Also, courtesy of the lovely folks at Tor, we’ve got 3 copies to give away to 3 lucky US/Canadian winners, so be sure to enter to win using the widget below the post.
Space pirates and computer hackers? I’m in! Will you tell us a little about your new book, Corsair?
Certainly! Corsair is my attempt to write a near-future, hard-SF take on a classic SF trope — Space Pirates! Turns out space piracy works fine if you leave the pirates back on Earth and let the spacecraft operate semi-autonomously in orbit. In particular, I found a place in space which is the perfect pirate hangout: the Lagrange One point, the spot where Earth’s gravitational attraction and that of the Moon balance each other. It’s a semi-stable position, so you can park a spacecraft there with only minimal use of thrusters to stay in place. And it’s on the direct low-energy path between Moon and Earth, so any valuable cargoes have to pass right by your parked pirate satellite.
But it isn’t just about orbital mechanics. There’s space battles, sea battles, buried treasure, the pirate-haunted island of Tortuga, a secret base, shifting allegiances, betrayal, and romance!
Why do you think readers will root for Elizabeth and David?
Elizabeth is trying to do her duty and defend the innocent, even when nobody will listen, and eventually she has to decide between duty and doing the right thing. David is a very bad person who gets hit with the clue bat hard enough to start trying to redeem himself. They’re both smart, resourceful, and more than a little eccentric.
I read up on spacecraft propulsion and orbital mechanics using Winchell Chung’s amazing “Atomic Rockets” web site, which every science fiction writer should keep bookmarked. I cleverly managed to grow up on the Gulf Coast so I know what the landscape there is like, and of course I read A General History of Pyrates by “Captain Charles Johnson” (who is generally believed to be Daniel Defoe hiding behind a pseudonym). A lot of the research came from reading the news: articles about space resource production, terrorism, refugees, and cyber-warfare.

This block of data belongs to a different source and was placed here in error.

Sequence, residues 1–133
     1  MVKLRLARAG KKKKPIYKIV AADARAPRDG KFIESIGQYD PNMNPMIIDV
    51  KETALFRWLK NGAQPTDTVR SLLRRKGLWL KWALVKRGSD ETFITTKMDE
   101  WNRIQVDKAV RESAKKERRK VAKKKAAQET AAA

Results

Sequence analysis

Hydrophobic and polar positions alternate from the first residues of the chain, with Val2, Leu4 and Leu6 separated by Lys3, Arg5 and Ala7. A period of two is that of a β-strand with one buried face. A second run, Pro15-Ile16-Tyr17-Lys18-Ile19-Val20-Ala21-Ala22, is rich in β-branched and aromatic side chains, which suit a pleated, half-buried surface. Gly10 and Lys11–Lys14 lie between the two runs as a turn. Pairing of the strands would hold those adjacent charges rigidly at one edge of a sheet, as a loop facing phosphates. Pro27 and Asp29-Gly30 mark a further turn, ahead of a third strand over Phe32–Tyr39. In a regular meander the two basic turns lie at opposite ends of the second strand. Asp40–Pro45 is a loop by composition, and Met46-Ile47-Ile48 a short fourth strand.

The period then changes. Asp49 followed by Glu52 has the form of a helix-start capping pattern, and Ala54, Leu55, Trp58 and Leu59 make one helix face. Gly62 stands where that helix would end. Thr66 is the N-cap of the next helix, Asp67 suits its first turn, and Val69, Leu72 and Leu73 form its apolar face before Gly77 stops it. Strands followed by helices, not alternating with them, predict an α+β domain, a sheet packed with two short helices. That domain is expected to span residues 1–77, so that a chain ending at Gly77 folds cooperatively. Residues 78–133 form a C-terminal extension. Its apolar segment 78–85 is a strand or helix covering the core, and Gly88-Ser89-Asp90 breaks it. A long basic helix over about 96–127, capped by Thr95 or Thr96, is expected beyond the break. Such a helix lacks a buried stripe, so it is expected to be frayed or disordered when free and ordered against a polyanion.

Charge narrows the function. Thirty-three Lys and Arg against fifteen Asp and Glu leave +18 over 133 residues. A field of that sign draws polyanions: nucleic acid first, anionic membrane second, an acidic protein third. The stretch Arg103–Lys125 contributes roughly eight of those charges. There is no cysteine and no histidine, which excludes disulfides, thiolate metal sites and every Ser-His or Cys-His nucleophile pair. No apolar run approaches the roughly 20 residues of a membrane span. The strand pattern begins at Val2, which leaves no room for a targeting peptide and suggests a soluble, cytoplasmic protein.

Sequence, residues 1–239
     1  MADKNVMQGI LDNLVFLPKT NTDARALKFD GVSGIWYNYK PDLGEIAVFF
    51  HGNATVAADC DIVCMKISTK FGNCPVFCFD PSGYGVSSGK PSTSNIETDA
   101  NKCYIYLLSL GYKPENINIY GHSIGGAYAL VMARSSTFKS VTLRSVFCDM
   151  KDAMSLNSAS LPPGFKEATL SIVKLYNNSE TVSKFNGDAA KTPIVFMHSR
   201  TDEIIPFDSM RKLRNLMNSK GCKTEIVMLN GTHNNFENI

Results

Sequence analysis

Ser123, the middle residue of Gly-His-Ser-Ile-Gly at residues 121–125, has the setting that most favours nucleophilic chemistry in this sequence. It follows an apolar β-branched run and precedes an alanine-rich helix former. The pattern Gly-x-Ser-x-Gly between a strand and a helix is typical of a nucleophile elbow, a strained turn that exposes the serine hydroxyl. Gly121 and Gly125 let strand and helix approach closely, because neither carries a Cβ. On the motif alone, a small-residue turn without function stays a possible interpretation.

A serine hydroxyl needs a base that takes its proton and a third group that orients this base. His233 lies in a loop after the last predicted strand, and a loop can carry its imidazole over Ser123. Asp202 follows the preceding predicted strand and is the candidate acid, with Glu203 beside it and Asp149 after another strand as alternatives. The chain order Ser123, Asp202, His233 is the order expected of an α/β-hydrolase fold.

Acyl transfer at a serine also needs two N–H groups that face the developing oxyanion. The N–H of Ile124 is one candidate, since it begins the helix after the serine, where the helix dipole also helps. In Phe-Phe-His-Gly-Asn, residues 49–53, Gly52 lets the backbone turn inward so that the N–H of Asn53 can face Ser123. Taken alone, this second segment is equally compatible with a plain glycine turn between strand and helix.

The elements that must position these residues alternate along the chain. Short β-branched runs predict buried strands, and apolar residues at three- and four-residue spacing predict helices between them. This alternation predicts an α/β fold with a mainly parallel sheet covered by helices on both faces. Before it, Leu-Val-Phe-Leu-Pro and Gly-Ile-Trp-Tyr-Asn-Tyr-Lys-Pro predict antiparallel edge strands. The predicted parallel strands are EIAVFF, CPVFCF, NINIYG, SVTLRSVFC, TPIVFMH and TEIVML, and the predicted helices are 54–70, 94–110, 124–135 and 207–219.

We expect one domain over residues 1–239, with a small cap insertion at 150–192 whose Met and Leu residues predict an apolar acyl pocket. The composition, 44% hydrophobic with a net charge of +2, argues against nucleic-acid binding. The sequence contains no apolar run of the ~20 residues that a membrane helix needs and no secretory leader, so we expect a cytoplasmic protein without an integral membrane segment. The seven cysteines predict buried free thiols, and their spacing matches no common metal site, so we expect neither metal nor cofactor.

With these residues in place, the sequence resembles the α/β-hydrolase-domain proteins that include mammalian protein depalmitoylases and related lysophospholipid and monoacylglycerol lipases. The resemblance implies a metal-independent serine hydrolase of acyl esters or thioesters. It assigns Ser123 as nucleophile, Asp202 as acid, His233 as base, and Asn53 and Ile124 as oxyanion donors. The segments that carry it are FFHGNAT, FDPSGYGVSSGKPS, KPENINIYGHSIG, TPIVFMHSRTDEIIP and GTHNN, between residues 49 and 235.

Are there any supporting characters that you especially enjoyed writing?
Two of the villains are my favorites. There’s the incredibly menacing mercenary killer Vlad Draganovic, and the flat-out bonkers rogue astrophysicist who calls himself Halfdan. I particularly enjoyed writing scenes with David/Captain Black and Halfdan, simply because David has a hard time coping with someone even weirder and more annoying than himself.
Has your writing style changed any since you published your first book?
I deliberately adopted a lighter tone for Corsair, with more pop-culture references and offhand cynicism.
What do you know now that you wish you’d known when you first got published?
I was unaware of how much work goes into book promotion. I doubt that would have changed anything, though. It’s also a little surprising how writing a book about submarines and aliens makes me into an official Futurist and expert on Literature.
It’s been a while since we caught up… Have you read any good books lately? Is there anything you’re looking forward to this year?
I just finished reading an advance copy of Max Gladstone’s novel Last First Snow from Tor, which is a completely unique and wonderful high fantasy story about city planning and insurance. Excellent book. I am also looking forward to Ken Hite’s immense roleplaying game supplement The Dracula Dossier, from Pelgrane Press, about the secret espionage history behind Bram Stoker’s novel.
What’s next for you?
I’m currently working on my third novel, tentatively titled Arkad’s World, a coming-of-age story about a boy who is the only human on a planet populated by many different alien species. I am also planning followups to Darkling Sea and Corsair.
In the early 2020s, two young, genius computer hackers, Elizabeth Santiago and David Schwartz, meet at MIT, where Schwartz is sneaking into classes, and have a brief affair. David is amoral and out for himself, and soon disappears. Elizabeth dreams of technology and space travel and takes a military job after graduating. Nearly ten years later, David is setting himself to become a billionaire by working in the shadows under a multiplicity of names for international thieves, and Elizabeth works in intelligence preventing international space piracy. With robotic mining in space becoming a lucrative part of Earth’s economy, shipments from space are dropped down the gravity well into the oceans. David and Elizabeth fight for dominance of the computer systems controlling ore drop placement in international waters. If David can nudge a shipment 500 miles off its target, his employers can get there first and claim it legally in the open sea. Each one intuits that the other is their real competition but can’t prove it. And when Elizabeth loses a major shipment, she leaves government employ to work for a private space company to find a better way to protect shipments. But international piracy has very high stakes and some very evil players. And both Elizabeth and David end up in a world of trouble.
Space pirates and computer hackers . . . James L. Cambias’s Corsair is a thrilling near-future adventure!
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